Shelters and rescues are packed with homeless pets. At AZPetVet, we work with many rescue groups and organizations around the Valley, such as LovePup, to help as many animals in need of adoption as we possibly can. The ASPCA estimates that around 6.5 million companion animals enter U.S. animal shelters nationwide every year – approximately 3.3 million dogs and 3.2 million cats. Each year, approximately 1.5 million shelter animals are euthanized (670,000 dogs and 860,000 cats). Special needs animals are consistently overlooked for adoption simply because so many people prefer to adopt cute puppies and kittens.

If you search ‘animals up for adoption near me’, you’ll get a huge string of results from all sorts of shelter and rescue organizations vying for your attention. All of them have pets that have been waiting weeks, months, and sometimes years to find their fur-ever homes. Typically, ‘less adoptable’ refers to animals in some unique categories including special needs and even hair color. While the term ‘special needs’ might sound intimidating, it’s a category term for pets who may need a little extra care. Physical disability, behavior, chronic illness, or medical conditions can all put an animal into this category, reducing their chance of finding a home. That’s why created ‘Adopt a Less Adoptable Pet Week’ – to help raise awareness of these wonderful animals who are too often overlooked. Here, we’ll highlight the most common types of special needs pets and the reasons you may want to consider them.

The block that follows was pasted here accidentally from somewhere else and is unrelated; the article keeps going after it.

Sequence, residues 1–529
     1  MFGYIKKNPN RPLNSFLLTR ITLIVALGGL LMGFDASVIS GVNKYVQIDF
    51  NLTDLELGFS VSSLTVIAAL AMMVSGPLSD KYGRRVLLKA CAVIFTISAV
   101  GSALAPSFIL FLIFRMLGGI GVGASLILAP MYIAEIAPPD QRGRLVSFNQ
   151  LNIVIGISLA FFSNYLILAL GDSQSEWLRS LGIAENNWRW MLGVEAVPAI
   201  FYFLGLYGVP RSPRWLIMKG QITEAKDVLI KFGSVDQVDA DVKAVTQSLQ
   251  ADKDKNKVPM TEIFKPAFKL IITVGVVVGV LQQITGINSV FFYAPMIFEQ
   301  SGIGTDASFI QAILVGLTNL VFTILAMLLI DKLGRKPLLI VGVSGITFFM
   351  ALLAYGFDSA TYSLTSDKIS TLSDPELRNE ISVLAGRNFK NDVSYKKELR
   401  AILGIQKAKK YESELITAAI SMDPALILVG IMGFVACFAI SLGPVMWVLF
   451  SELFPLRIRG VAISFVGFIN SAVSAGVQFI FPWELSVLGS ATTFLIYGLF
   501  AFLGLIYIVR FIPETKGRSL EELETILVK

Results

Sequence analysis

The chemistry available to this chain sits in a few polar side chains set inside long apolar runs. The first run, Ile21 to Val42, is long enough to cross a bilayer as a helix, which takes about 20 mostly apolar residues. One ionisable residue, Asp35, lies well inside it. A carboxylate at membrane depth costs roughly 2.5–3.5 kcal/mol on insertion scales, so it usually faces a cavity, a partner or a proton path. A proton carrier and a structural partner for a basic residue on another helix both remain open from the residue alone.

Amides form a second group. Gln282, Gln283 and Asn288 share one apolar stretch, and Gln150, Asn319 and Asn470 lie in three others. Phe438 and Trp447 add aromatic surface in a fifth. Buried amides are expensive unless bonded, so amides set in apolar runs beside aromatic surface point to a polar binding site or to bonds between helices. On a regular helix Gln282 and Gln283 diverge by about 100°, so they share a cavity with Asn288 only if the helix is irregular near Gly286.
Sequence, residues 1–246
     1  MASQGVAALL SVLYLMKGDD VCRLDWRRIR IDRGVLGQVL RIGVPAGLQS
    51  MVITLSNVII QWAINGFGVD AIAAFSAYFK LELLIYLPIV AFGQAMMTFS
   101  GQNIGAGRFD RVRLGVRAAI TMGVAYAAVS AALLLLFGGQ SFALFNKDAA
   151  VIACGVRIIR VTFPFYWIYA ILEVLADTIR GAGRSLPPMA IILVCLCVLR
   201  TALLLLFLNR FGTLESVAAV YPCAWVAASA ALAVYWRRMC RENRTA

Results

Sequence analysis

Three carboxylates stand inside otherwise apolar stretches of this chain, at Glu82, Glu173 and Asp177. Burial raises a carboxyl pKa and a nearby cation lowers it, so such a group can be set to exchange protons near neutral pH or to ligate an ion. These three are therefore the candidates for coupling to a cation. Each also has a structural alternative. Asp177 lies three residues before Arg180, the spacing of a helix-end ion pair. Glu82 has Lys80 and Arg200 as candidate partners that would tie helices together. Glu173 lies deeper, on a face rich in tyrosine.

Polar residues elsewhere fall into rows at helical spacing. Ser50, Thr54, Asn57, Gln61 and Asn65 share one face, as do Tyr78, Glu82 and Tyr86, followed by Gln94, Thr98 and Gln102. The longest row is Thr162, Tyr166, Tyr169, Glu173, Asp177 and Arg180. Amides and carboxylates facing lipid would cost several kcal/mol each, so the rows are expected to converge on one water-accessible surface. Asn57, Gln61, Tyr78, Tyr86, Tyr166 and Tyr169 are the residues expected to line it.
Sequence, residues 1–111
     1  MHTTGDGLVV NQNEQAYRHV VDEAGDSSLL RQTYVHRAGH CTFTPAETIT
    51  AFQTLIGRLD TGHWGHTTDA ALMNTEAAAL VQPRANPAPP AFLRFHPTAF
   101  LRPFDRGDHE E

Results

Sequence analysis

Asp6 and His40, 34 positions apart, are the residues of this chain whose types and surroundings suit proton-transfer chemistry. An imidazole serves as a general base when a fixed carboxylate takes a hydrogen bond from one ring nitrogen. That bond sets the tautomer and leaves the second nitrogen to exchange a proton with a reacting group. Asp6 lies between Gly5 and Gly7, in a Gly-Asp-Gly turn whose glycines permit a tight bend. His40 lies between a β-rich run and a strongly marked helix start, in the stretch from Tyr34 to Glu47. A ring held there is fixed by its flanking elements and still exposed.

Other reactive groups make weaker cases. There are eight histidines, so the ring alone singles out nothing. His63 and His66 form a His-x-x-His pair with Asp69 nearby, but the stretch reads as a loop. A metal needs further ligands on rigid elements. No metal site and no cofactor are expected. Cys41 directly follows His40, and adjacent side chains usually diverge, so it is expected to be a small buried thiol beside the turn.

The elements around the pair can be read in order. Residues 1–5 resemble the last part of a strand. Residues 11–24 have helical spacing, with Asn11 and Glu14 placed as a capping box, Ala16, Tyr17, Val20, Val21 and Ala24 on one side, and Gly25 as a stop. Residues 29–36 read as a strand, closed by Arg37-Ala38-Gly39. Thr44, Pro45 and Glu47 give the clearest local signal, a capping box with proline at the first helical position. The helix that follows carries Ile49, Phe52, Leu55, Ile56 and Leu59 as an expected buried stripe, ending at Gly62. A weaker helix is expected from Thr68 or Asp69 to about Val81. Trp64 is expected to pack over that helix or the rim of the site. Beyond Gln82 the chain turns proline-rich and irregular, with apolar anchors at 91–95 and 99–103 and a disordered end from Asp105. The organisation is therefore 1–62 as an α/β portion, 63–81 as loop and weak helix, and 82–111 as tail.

Older Dogs

Senior pets end up in shelters for a variety of reasons. Some may have health conditions that can be managed with diet and medications, others are perfectly healthy. Sometimes, the owner can no longer afford to care for them, becomes ill, moves, or just doesn’t want a pet anymore. Given the chance, older dogs can adapt to a new home and family, and become wonderful companion animals for families. Older dogs are especially great for individuals that enjoy a more relaxed lifestyle, as they require a lot less exercise, and are often just happy to curl up next to their beloved person. Many people prefer to skip the rambunctiousness, potty training, and additional training that comes with adopting a puppy or kitten. Older pets usually know basic commands and tend to be more mellow, so they’re ideal for senior citizens. And yes, old dogs can learn new tricks – it’s just a matter of working with them to develop new habits. Positive reinforcement is the best approach. The Arizona Humane Society even offers a Senior to Senior adoption program with discounted fees. Like people, older pets will require regular wellness checks to keep them healthy and happy for life, so this should also be considered when adopting a senior animal.

Pets With Medical Conditions